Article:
Idaho murder suspect Bryan Kohberger harassed Seven Sirens staff and customers


Bryan Kohberger, the man suspected of murdering four University of Idaho students, harassed female employees and customers at Seven Sirens Brewing Company several times, according to an NBC News report

Seven Sirens is located at 327 Broadway in South Side Bethlehem. It is visited by Lehigh students.

Jordan Serulneck, owner of Seven Sirens, told NBC News that Kohberger would sit at the bar by himself “observing and watching.”

According to the NBC News report, Kohberger would ask the female staff or customers who they were with at the brewery and where the women lived. Serulneck said if the women blew Kohberger off, “he would get upset with them a little bit.”

According to NBC News, the brewery’s ID system had notes about Kohberger’s behavior.

“Staff put in there, ‘Hey, this guy makes creepy comments, keep an eye on him,’” Serulneck told NBC News. “‘He’ll have two or three beers and then just get a little too comfortable.’” 

According to DeSales University’s statement on Kohberger’s arrest, Kohberger received a bachelor’s degree from DeSales in 2020 and later completed his graduate studies in June 2022. 

“We are devastated by this senseless tragedy,” the statement read. “We also recognize the impact this news can have on our community’s well-being. DeSales has expanded counseling services for students, faculty, and staff.”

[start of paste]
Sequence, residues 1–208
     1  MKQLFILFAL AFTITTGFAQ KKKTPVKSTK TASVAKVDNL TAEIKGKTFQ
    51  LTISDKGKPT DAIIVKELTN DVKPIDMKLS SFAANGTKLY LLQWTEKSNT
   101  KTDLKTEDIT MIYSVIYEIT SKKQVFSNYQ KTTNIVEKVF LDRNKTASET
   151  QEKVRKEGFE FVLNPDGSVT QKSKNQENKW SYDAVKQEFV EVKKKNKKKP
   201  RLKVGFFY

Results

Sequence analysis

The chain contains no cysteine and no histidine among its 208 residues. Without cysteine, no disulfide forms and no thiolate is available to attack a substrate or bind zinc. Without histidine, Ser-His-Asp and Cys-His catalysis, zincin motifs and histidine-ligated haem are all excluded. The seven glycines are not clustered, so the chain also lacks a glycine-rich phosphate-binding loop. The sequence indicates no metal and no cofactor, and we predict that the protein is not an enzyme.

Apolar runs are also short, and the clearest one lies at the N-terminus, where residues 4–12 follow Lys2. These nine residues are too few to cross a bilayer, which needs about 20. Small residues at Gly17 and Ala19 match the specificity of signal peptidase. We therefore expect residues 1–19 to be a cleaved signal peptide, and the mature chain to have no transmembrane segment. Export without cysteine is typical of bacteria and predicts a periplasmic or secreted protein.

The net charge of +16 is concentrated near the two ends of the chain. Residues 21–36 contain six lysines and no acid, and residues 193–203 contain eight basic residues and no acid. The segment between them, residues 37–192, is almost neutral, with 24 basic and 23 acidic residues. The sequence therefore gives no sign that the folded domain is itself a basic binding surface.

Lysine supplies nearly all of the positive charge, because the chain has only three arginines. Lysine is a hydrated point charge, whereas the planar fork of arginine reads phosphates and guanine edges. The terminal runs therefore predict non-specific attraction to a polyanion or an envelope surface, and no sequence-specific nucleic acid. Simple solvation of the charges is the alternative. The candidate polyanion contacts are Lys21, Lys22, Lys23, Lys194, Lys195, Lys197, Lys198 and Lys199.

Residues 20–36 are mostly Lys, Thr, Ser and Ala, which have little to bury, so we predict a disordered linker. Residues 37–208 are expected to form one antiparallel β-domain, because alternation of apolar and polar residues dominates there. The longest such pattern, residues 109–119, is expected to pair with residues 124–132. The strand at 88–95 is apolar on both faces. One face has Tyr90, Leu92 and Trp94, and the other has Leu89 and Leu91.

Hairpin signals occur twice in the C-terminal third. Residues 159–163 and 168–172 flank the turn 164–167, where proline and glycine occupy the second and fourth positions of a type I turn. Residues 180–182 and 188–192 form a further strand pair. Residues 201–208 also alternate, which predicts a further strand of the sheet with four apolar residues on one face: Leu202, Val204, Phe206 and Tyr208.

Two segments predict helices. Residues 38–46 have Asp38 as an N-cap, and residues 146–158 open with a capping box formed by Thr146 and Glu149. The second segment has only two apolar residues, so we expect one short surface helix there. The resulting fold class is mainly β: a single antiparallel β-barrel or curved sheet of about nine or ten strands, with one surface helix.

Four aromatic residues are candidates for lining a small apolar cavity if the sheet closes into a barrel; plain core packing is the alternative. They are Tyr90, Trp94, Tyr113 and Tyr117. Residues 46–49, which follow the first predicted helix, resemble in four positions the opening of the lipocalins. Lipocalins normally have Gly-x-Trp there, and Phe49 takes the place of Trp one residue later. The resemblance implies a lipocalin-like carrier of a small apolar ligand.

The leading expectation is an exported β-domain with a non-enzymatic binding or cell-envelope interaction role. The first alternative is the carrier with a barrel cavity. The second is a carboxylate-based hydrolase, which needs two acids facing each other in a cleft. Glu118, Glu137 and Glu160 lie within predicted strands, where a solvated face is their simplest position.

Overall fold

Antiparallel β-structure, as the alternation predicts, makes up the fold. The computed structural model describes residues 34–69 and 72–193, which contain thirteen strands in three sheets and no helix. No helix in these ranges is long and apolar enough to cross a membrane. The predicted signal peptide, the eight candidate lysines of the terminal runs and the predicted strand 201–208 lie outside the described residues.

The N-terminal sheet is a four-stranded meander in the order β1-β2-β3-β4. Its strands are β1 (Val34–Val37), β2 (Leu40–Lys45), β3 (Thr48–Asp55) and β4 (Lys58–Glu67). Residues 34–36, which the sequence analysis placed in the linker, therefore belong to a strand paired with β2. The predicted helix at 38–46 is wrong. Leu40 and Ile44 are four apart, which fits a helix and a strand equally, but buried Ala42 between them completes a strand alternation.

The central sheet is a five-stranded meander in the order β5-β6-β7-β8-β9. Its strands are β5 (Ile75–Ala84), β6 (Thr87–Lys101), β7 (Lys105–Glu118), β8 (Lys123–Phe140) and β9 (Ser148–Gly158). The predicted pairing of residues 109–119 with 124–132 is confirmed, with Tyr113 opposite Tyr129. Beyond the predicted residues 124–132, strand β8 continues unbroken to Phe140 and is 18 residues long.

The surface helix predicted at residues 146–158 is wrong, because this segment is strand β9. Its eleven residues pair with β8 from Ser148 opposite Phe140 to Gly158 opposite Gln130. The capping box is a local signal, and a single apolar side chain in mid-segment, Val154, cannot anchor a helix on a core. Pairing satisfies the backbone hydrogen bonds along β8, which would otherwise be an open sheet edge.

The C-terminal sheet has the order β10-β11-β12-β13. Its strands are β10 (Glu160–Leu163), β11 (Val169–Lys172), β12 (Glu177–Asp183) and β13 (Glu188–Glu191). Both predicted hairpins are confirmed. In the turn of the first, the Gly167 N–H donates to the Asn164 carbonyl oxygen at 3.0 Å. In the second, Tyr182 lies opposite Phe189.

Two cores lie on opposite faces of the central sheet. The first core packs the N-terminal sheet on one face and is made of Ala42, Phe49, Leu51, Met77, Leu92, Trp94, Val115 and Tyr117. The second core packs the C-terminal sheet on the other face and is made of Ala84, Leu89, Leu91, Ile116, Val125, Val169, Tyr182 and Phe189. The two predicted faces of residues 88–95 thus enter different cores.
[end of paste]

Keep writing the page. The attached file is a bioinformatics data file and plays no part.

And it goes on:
Kohberger’s visits to Seven Sirens were months ago, Serulneck told NBC News — likely when Kohberger was a student at DeSales.

According to NBC News, Serulneck said he approached Kohberger during his final visit to speak with him about being respectful and not causing any issues at the brewery. Serulneck said Kohberger was taken aback.

“‘I don’t know what you’re talking about.’” Serulneck told NBC News, imitating Kohberger. “‘You totally have me confused.’” 

According to NBC News, Serulneck said Kohberger had one beer and left. He never returned to the brewery.

According to a CNN report, Kohberger was arrested in Monroe County on Dec. 30 on a warrant for first-degree murder charges issued by the Moscow Police Department and the Latah County Prosecutor’s Office. 

In a press conference on Jan. 3, Pennsylvania State Police did not reveal details about how Kohberger was tracked to Pennsylvania but said they sent roughly 50 officers to ensure he could not escape the arrest.

Major Christopher Paris said multiple windows were broken as they approached Kohberger’s  home in Chestnuthill Township, where he was reported to have lived with his parents.

Paris said multiple items were seized from the home, along with a white Hyundai Elantra vehicle as part of the Idaho investigation.

“I did not imagine the investigation would lead to the Commonwealth of Pennsylvania,” said Colonel Robert Evanchick, commissioner of the Pennsylvania State Police. “My heart goes out to the families of the victims, their friends, the community of Moscow and the University of Idaho.”

The Brown and White will update this story as more information becomes available.

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